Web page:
WASHINGTON (AP) – It may not have been quite the star power assembled over at the Lincoln Memorial, but it was still an impressive array of Democratic Party luminaries who gathered Sunday at a joyous luncheon to celebrate women’s gains in 2008.

For some 2,000 people crowded into the Washington Hilton ballroom to hear Hillary Rodham Clinton, Nancy Pelosi and many others, it was also an occasion to enthusiastically cheer on Barack Obama, less than 48 hours before he takes office. And given the mood, it was hard to remember that only seven months ago, there was talk that he might have trouble winning over large numbers of female voters who’d supported Clinton.

“George W. Bush is going back to Texas, and Barack Obama is president of the United States of America!” exulted Ellen Malcolm, founder of EMILY’s List, to huge cheers. The group, which hosted Sunday’s event, promotes women candidates who support abortion rights, and is one of the largest political action committees in the nation.

Clinton, expected to be confirmed next week as Obama’s secretary of state, was the marquee speaker, and she almost didn’t make it, due to traffic problems on the busy inaugural weekend. But no one in the packed ballroom was planning to leave until she spoke.

“Isn’t it great to be in Washington with a Democratic Congress and a Democratic White House?” she asked the crowd when she finally did arrive. She called Obama’s upcoming inauguration “a historic and glorious event,” and asked supporters to continue helping her in her new role, toward goals like universal basic education, better access to health care for women and children, and eradicating poverty.

Women’s advocates are somewhat divided over how successful the 2008 election season was for women.

The fact that Clinton almost became the first female nominee is a point of pride for many. Yet some are disappointed by what they see as decidedly mixed success in getting women into leadership positions up and down the political spectrum.

At the luncheon, though, House Speaker Nancy Pelosi and many others spoke of the year’s successes: A record 13 Democratic women now in the Senate, and 61 in the House. Major victories this year included the election of Sen. Jeanne Shaheen in New Hampshire, Sen. Kay Hagan in North Carolina, and Gov. Bev Perdue, also of North Carolina.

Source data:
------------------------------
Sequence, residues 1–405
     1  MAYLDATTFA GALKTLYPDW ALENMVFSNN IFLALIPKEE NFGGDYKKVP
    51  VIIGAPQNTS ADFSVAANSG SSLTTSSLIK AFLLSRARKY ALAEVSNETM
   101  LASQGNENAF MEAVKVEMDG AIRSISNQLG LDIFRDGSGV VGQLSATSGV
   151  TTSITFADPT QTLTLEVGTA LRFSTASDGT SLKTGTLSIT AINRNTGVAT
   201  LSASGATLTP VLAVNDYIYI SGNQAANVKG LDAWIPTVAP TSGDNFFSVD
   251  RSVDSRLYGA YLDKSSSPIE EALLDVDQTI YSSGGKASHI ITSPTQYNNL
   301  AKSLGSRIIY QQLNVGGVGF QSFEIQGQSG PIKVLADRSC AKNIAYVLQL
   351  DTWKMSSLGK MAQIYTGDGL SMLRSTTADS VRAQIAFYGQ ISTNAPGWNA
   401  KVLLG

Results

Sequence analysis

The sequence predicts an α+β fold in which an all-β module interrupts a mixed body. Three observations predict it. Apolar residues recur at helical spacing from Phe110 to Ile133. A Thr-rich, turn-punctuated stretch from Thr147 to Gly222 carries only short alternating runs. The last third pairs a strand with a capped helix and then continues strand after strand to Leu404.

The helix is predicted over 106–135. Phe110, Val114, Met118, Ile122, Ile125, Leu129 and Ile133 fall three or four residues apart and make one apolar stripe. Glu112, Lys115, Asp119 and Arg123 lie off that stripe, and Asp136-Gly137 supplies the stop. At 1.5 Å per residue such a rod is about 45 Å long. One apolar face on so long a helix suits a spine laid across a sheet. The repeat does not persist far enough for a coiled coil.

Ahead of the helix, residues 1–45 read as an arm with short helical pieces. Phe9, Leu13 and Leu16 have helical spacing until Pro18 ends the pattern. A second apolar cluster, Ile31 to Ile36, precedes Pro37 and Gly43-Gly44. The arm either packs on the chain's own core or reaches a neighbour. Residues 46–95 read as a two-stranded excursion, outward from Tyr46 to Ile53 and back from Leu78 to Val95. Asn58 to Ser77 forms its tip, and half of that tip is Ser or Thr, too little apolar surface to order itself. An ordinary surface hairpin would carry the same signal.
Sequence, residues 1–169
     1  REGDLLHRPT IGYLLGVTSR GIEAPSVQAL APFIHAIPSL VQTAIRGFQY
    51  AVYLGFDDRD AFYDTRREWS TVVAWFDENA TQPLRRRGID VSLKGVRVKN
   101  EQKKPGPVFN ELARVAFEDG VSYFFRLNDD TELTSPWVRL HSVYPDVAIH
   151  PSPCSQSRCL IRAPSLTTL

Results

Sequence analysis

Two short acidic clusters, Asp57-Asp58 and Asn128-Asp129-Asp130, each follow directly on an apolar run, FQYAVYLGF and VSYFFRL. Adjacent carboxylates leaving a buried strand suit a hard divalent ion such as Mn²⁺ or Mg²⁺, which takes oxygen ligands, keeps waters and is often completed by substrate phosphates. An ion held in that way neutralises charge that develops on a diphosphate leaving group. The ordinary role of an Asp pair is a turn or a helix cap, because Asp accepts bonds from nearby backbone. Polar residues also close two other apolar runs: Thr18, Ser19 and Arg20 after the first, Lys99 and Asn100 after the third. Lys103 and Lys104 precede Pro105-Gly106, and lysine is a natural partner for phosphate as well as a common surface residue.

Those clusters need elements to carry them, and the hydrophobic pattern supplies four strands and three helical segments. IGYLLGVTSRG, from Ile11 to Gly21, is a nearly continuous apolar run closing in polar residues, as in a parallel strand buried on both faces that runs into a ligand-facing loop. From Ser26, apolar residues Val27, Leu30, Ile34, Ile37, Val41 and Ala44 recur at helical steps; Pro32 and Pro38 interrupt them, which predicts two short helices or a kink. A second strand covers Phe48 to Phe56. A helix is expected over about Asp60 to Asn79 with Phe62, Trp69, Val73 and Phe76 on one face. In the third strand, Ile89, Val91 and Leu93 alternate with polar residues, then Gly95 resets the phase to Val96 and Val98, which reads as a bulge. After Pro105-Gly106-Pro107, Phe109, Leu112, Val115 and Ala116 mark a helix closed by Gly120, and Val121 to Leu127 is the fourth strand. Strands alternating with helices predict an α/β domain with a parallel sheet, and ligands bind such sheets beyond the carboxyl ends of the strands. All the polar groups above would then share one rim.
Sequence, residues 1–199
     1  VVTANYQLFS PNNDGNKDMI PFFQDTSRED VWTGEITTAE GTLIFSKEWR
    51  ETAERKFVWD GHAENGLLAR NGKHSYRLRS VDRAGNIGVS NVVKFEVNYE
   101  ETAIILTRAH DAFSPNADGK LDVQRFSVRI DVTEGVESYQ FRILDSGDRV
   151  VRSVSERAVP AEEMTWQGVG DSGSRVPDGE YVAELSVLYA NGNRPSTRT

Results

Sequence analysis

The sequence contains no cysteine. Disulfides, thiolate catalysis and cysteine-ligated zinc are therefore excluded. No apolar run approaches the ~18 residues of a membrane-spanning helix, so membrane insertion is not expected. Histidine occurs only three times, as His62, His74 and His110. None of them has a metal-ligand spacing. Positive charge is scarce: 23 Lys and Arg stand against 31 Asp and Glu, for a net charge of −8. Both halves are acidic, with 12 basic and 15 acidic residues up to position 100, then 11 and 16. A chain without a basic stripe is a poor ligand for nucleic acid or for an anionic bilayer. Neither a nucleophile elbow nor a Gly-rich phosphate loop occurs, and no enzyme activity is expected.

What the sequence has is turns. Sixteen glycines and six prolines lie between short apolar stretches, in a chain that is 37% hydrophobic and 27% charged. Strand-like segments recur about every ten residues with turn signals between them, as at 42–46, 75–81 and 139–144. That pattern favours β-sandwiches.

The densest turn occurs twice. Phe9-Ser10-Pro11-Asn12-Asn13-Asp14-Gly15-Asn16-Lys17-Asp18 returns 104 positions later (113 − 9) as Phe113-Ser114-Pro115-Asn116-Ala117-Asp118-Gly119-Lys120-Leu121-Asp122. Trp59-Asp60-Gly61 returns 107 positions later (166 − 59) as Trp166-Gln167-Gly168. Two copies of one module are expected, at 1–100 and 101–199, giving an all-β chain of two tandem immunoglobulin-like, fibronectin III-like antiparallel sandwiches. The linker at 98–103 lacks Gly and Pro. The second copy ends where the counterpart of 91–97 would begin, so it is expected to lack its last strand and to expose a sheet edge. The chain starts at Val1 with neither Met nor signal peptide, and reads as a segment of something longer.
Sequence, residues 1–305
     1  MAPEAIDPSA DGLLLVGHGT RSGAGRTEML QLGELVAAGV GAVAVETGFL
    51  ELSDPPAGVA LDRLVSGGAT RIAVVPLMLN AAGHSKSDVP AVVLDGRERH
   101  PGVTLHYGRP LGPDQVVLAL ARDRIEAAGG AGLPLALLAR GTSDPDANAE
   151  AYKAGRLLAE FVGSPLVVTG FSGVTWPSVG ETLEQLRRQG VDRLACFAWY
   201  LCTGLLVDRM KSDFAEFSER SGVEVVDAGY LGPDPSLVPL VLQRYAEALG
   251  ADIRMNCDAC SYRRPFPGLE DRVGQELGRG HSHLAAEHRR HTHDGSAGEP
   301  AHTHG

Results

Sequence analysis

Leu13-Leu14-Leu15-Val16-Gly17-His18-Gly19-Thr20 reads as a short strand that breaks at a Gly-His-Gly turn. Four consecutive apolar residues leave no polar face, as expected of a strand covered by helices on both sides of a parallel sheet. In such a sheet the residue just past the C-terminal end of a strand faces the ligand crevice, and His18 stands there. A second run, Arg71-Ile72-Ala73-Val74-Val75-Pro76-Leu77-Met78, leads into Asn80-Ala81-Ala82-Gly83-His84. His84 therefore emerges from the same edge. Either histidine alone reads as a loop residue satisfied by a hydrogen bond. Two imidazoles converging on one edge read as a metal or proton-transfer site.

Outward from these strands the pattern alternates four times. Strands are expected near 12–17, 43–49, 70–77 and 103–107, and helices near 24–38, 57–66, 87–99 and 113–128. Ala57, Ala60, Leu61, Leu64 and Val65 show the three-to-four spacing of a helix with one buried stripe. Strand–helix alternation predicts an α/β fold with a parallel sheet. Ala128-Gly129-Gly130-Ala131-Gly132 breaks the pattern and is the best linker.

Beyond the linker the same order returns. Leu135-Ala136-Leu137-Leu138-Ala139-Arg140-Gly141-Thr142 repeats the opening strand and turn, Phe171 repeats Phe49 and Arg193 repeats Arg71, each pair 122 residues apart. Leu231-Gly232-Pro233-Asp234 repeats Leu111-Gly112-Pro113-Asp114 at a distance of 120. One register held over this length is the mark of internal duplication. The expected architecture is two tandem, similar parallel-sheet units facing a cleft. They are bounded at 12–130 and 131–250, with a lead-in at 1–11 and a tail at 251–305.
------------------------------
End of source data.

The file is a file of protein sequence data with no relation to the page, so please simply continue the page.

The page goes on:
All three women received huge, raucous ovations at Sunday’s meeting, which was a veritable Who’s Who in Democratic politics. Also speaking were Arizona Gov. Janet Napolitano, Obama’s pick for secretary of homeland security, and California Rep. Hilda Solis, his choice for labor secretary.

Women also expressed excitement over the progress of a top item on the Democratic agenda – long-awaited legislation making it easier for women to challenge pay discrimination in the workplace.

Republicans are demanding changes, however, and the so-called Lilly Ledbetter bill is not likely to be ready for Obama’s signature when he takes office next week.

It faced a veto threat from President Bush, but Obama backs it strongly. Also on the front burner: legislation granting children health insurance.

“Isn’t it wonderful to have a president who will put women and children first?” Pelosi asked the audience.

With all the praise for the incoming president, Pelosi did suggest that perhaps women, after all, are behind his stunning success.

Musing on what she would be feeling as he gets sworn in on Tuesday, she said she would be “overwhelmed by joy and pride,” but also would be thinking about his late mother and grandmother, and “how strong they must be to instill in this man a sense of self-esteem and confidence” to lead him so far.

AP-ES-01-18-09 1739EST


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